You might point to the Scion FR-S and Subaru BRZ as contemporary sporty coupes, but in reality, these are purist sports cars. Popular as they are, the Ford Mustang, Chevrolet Camaro and Hyundai Genesis Coupe are pony cars, and the Dodge Challenger is a throwback muscle car. And they’re all rear-wheel drive. Perhaps, as automakers lighten their cars for the sake of fuel efficiency, we'll see the return of less-powerful, front-wheel-drive coupes that are a genuine hoot to drive (remember the Acura Integra and RSX?).
That might already be changing, as coupe sales saw a slight bump for 2012. In fact, while domestic coupe sales grew by 12.5 percent from 2011, sales of import coupes jumped nearly three times that rate. This isn’t so surprising when you consider that at the moment, consumers who want a sporty coupe without buying a muscle car are relegated to Asian builders. The Honda Accord and Civic coupes are still offered with a proper manual transmission and are sporty enough for most buyers, and the Kia Forte Koup is another smart and well-priced option.
There may be some interesting offerings on the horizon to spark domestic growth, though: Chevrolet’s Code 130r and Tru 140s concepts could hit the market as the first fresh, all-new American sporty coupes in years. The sudden rise in coupe sales from 2011-2012 may be just the beginning of a renaissance that, much like the 1990s, will see these automotive dinosaurs roam the earth once more.
James Tate cut his teeth in the business as a race-team crew member before moving to the editorial side as senior editor of Sport Compact Car, and his work has appeared in Popular Mechanics, Automobile, Motor Trend and European Car. When not writing, Tate is usually fantasizing about a vintage Porsche 911.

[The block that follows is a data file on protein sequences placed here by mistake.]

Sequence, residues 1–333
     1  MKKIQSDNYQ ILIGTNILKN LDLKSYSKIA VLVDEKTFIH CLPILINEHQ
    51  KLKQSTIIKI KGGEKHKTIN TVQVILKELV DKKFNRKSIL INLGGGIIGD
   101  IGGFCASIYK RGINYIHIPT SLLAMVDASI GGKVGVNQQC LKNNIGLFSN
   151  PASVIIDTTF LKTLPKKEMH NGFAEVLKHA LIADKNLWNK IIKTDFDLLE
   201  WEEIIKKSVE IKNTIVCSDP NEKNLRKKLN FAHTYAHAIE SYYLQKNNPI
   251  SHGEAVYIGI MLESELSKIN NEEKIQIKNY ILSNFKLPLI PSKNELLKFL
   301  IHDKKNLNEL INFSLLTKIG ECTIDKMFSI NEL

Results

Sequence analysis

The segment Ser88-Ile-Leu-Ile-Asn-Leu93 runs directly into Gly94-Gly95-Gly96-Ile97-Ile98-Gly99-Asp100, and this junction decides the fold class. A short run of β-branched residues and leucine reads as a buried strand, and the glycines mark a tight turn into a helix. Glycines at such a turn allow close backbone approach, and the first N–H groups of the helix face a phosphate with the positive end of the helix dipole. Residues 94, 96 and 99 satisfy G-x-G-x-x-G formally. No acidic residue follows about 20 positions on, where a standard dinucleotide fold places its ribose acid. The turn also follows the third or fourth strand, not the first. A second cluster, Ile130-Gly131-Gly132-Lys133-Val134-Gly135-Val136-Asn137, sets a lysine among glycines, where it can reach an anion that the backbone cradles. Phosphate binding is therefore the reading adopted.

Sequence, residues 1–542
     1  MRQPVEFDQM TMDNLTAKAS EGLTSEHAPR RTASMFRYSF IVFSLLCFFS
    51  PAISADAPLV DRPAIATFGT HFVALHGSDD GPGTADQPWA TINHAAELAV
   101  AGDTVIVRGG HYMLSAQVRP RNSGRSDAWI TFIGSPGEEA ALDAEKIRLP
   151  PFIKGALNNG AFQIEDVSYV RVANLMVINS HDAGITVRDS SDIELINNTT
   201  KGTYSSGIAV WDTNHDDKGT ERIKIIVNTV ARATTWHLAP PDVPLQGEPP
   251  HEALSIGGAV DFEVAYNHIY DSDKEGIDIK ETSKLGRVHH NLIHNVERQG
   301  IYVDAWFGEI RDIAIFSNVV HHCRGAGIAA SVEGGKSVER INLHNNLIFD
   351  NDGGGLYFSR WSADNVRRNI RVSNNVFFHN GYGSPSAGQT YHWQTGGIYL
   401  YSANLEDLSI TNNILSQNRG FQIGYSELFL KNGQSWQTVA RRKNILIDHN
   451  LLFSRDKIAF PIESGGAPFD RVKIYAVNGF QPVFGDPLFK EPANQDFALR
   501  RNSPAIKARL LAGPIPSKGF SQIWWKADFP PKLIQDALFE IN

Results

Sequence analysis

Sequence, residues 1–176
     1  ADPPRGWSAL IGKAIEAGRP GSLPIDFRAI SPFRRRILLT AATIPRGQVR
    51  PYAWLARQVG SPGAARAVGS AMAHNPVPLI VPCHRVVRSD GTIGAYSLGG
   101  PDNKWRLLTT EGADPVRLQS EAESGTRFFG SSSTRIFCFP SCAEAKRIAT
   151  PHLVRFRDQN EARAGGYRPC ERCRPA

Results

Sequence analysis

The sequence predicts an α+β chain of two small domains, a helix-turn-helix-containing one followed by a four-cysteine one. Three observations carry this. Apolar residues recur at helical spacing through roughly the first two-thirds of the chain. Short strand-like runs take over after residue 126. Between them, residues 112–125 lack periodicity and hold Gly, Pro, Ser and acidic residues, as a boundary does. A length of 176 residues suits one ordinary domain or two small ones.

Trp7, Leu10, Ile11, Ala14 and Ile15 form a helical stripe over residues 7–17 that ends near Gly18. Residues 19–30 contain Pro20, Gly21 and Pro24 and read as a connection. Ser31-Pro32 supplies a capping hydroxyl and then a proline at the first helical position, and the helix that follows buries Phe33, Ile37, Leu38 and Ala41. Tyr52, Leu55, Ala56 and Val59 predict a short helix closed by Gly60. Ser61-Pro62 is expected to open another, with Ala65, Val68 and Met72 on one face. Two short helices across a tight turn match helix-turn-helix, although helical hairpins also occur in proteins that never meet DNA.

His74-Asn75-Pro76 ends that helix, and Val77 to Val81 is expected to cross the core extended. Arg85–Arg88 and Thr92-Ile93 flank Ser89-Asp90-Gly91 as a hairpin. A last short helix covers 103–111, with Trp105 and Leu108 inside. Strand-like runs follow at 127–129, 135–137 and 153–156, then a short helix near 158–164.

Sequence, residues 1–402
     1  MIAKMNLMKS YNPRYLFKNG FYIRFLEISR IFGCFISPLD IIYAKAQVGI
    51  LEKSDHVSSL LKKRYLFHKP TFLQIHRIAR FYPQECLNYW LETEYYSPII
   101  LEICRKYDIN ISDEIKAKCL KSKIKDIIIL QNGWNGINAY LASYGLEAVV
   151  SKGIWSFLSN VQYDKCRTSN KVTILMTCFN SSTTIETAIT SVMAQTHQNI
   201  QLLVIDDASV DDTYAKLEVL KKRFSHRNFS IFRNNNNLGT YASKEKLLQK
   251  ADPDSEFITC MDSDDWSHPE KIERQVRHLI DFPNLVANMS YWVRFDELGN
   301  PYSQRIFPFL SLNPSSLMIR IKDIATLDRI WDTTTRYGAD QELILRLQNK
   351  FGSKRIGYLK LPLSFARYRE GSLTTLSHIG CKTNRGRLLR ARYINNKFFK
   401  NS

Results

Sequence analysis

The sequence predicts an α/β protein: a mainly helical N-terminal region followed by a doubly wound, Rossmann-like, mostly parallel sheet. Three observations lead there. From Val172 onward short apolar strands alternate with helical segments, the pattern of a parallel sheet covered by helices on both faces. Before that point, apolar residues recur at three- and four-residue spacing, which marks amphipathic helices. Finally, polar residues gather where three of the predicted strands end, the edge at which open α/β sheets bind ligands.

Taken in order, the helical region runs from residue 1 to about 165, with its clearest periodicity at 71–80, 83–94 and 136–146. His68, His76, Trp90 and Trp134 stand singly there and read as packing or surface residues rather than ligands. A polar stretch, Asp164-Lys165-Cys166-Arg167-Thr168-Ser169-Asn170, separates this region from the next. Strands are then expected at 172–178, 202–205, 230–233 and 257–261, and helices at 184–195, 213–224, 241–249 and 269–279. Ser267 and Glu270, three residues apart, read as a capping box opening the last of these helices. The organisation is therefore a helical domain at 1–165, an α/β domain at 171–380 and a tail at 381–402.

There were many GREAT cars built in the 1980s & '90s. They have many features of modern cars, such as rust résistance, disc brakes, sway bars, steering racks and sequential fuel injection. Yet they are relatively simple and can still be repaired by a skilled home mechanic. They tend to be more comfortable than earlier cars and they run on unleaded fuel.
The beauty is that they are often cheap to buy.
I have been out car shopping over the last few years. The 2 door coupe today costs 500-1000 more than a four door equivalent. Since when does it cost more to build a 2 door over a 4 door? The auto manufactures have caused this paradigm shift to 4 doors because their pricing simple forced buyers to choose the more cost effective alternative.
You can also blame the insurance companies they tell you you’re more dangerous in a 2 door than a 4 door. So you have to pay more. The end result is people don’t buy these cars anymore.
Now, the Dodge Challenger, Mustang and Camaro have drawn consumers into their fold so if you are trying to say that only front wheel drive cars count as a Sport coupe your sadly mistaken.
Actually, the sport coupes went away because sport hatchbacks are simply more practical. The fact that most automakers have found ways to make them look attractive rather then boxy, shorter versions of stations wagons simply added salt to the sport coupe's wounds.
I find it highly likely that my next car will be some sort of sport hatchback.
I agree with "mrchriss" and "insert random name". The hot-hatchbacks today are much more practical and loads of fun. I have an `09 VW Rabbit. It's nowhere near as fast as the Subies or a GTI or an EVO, but it's a hell of a lot of fun to drive, and it's practical.
A friend had a Mitsubishi Eclipse when we were in college. That car was loads of fun, but not very practical for anything more than hauling two people around.